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The Wall Street Journal reports that discount retailer Aldi has "detailed plans to grow in the U.S., saying it would invest billions of dollars and create thousands of jobs."

Included in its growth scenario is a plan to open its first Southern California store in March 2016 and have 25 there by mid-year.

According to the story, "The retailer, which described its U.S. expansion plans as 'aggressive,' said it would put more than $3 billion behind a previously announced five-year plan to open 650 new stores across the U.S. By the end of 2018, Aldi expects to operate nearly 2,000 stores, or about 44% of rival Wal-Mart Stores Inc. ’s current U.S. store count. The German company already operates nearly 1,400 stores across 32 states."

The story goes on to say that "Aldi said it would pay starting wages of $13 an hour for store associates, with an opportunity to earn up to $21 an hour. Attention to minimum wages has ramped up in the U.S., with new initiatives in Seattle and Los Angeles, at Wal-Mart and other companies, and some congressional moves on the federal minimum. California’s hourly minimum wage is currently $9, rising to $10 next year."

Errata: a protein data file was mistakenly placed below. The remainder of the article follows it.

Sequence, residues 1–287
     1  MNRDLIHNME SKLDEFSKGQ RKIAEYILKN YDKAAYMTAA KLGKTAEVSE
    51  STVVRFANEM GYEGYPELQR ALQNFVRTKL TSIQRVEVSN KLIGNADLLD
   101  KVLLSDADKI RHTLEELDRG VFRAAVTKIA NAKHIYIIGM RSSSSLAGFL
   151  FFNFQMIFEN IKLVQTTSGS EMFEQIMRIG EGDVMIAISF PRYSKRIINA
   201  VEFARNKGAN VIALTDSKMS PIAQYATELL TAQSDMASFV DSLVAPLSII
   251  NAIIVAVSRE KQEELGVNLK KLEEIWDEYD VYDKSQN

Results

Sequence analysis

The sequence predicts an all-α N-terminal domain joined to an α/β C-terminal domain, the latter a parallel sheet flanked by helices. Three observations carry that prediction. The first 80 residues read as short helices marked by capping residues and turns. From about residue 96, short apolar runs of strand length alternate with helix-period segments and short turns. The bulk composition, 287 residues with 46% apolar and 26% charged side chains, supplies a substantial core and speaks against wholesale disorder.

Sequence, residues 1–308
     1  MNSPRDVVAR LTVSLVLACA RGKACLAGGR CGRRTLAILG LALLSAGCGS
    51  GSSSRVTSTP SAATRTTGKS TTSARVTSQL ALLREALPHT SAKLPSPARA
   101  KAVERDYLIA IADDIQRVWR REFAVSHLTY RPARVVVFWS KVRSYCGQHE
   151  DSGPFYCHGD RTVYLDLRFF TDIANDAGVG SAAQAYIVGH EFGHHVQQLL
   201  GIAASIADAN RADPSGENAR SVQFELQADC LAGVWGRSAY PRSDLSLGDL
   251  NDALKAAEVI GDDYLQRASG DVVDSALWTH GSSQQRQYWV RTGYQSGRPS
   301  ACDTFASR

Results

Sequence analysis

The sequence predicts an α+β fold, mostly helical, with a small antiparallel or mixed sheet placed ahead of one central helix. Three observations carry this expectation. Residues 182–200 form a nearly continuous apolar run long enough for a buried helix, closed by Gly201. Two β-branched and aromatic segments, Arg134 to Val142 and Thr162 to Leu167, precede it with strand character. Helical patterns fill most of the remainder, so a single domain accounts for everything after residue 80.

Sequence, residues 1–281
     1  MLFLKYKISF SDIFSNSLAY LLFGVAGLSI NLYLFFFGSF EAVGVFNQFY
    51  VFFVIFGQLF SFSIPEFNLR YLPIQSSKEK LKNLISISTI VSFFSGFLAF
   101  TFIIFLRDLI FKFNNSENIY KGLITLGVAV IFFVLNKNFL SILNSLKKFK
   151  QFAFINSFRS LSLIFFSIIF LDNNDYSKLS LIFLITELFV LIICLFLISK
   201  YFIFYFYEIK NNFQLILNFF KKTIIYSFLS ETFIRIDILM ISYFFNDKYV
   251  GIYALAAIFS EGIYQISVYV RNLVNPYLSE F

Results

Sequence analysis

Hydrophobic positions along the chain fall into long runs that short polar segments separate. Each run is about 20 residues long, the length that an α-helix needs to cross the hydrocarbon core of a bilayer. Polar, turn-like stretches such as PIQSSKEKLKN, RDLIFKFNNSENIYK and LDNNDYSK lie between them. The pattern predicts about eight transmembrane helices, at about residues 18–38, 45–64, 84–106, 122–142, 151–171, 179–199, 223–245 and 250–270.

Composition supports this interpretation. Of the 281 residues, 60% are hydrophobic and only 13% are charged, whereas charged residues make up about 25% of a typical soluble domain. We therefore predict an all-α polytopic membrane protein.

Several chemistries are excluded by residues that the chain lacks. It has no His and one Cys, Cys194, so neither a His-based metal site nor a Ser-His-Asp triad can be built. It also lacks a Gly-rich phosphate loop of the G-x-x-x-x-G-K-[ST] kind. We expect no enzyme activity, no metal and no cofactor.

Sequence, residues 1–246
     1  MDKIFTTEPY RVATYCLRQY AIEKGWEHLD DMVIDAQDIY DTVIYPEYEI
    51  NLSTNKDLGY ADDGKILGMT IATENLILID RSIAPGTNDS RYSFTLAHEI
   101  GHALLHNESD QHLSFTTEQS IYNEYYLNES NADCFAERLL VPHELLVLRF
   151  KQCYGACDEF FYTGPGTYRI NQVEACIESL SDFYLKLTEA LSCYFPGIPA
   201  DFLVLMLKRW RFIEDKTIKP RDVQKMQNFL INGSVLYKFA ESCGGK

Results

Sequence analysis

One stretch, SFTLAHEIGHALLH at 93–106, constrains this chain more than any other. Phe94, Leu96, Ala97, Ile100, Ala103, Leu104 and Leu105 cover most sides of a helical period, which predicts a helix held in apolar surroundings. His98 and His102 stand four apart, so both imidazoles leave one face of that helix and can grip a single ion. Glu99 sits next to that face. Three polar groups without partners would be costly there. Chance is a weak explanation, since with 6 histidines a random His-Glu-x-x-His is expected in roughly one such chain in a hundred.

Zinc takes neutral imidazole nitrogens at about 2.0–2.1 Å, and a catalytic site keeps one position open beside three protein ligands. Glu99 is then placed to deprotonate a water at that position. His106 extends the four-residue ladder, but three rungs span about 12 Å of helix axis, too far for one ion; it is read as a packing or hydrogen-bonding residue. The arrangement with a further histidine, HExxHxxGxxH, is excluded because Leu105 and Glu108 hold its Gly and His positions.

KC's View:
I have to be blunt. This should scare the crap out of some people.

Think just for a minute about the havoc that Aldi and its fellow discounter Lidl have created in the UK, where the two of them have in fairly short order gone from a 6.3 percent market share in 2013 to a 9.3 percent market share today, with some educated estimates suggesting that they could together have as much as a 15 percent market share by 2020. (I actually think they'll do better than that. Call it an uneducated guess.)

And think for another minute about how together, Aldi and Lidl have helped turn Tesco from the dominant retailer in the UK that seemed to do no wrong, into one that seems mistake-plagued and unable to capture its past magic. (To be fair, they had help - Sir Terry Leahy's arrogance, and a Tesco culture that grew toxic.)

And finally, remember one more thing - that Lidl is coming to the US in 2018.

Forget basketball coaches. FMI should've had a session this week in which they taught retailers how to play defense and offense against Aldi and Lidl.